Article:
A recent Spectrem Group survey revealed that 58 percent of millionaires aged 35 and younger would be willing to use webcam technology to speak to their advisors. This means that programs like Skype, FaceTime, and GoogleChat could replace an old-fashioned phone call for many of your clients in the future. How comfortable are you with using this technology?
Younger investors don’t necessarily want or need a lot of face time with their advisors. They are adept users of email and social media, and often prefer these modes of communication. As much as possible, ask for their personal preferences and try to oblige them.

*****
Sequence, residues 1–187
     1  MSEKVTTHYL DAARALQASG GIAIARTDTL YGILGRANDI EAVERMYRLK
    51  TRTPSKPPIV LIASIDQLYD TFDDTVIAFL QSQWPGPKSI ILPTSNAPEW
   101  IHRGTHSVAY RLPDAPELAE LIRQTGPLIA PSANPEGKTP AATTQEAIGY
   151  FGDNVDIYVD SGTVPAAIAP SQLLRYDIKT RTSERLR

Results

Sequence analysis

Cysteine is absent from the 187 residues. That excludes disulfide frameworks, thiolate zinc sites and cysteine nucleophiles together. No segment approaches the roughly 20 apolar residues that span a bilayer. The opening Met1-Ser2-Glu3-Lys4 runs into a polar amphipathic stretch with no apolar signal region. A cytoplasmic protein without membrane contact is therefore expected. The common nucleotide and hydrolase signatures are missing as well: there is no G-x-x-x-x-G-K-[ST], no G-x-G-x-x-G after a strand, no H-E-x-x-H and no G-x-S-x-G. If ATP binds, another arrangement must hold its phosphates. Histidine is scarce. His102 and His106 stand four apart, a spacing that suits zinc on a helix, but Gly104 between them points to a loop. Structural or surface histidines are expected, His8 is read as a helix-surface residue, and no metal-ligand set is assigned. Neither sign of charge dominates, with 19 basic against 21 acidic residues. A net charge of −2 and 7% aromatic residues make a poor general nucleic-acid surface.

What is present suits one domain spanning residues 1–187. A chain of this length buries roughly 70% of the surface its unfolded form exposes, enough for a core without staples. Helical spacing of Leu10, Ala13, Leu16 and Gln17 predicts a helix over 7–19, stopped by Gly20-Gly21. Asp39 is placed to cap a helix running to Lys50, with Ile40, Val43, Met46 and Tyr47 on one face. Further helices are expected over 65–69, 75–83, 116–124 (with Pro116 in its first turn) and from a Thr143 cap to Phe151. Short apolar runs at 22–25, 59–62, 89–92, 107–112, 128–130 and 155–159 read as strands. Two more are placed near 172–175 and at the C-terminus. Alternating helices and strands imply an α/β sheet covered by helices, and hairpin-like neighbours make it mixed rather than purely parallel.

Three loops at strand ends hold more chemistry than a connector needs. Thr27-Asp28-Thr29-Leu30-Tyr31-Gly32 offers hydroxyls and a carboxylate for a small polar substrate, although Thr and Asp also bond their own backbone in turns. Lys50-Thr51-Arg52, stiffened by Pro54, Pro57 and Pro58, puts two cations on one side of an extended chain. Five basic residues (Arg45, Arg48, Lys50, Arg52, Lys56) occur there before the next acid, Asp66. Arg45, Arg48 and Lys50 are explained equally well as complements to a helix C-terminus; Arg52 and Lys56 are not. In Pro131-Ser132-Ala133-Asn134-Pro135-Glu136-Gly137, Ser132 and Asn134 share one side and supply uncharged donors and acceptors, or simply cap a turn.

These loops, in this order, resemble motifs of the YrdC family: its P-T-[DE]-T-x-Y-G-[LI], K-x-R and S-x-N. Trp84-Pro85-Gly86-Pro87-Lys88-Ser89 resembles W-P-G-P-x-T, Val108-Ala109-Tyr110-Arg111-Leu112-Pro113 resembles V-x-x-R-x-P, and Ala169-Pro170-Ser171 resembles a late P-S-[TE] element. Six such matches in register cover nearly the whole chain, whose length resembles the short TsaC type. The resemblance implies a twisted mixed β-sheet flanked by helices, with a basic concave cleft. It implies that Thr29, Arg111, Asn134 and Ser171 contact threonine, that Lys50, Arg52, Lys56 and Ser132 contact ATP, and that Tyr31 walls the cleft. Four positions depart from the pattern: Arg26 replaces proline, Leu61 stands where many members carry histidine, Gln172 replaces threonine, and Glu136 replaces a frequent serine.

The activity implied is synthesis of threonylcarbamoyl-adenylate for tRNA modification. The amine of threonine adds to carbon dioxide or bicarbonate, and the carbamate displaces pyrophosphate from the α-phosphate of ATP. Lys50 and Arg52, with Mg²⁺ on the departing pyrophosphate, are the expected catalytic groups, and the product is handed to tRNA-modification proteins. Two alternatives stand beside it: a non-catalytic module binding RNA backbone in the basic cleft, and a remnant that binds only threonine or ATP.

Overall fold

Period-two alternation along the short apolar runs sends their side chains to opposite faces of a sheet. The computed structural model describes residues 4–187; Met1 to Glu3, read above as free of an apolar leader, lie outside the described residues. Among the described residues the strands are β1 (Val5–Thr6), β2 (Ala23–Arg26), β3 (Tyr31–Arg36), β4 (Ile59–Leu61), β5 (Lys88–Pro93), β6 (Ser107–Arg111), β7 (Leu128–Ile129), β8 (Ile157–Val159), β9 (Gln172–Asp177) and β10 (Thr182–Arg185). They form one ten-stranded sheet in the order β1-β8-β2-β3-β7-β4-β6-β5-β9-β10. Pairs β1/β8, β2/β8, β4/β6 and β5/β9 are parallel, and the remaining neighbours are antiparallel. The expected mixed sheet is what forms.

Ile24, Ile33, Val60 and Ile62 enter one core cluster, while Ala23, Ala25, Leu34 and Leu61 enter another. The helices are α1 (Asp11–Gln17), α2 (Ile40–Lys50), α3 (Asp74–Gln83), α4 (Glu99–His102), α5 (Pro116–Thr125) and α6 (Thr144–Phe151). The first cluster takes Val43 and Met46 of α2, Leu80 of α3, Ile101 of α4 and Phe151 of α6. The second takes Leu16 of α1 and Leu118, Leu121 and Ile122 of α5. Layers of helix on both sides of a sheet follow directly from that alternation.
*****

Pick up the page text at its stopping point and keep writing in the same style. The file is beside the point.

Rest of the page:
In conclusion, if you’re already experiencing success as an advisor, I can understand why you may view the recommendations in this article with fear or skepticism. And frankly, depending on your circumstances, you may be able to continue growing and thriving without making adjustments. That being said, I urge you to remember two things: First, your baby boomer clients are aging. Their wealth is going to gradually transfer to their heirs. It’s good business to build relationships with your client’s children on terms that will earn their respect and loyalty. Second, over the next 30 years, Generations X and Y are going to accumulate millions of dollars on their own and inherit trillions from their parents. These families will need advisors. Will you be prepared to serve them?
By making a few adjustments to your business model, you can ensure your practice will stand the test of time.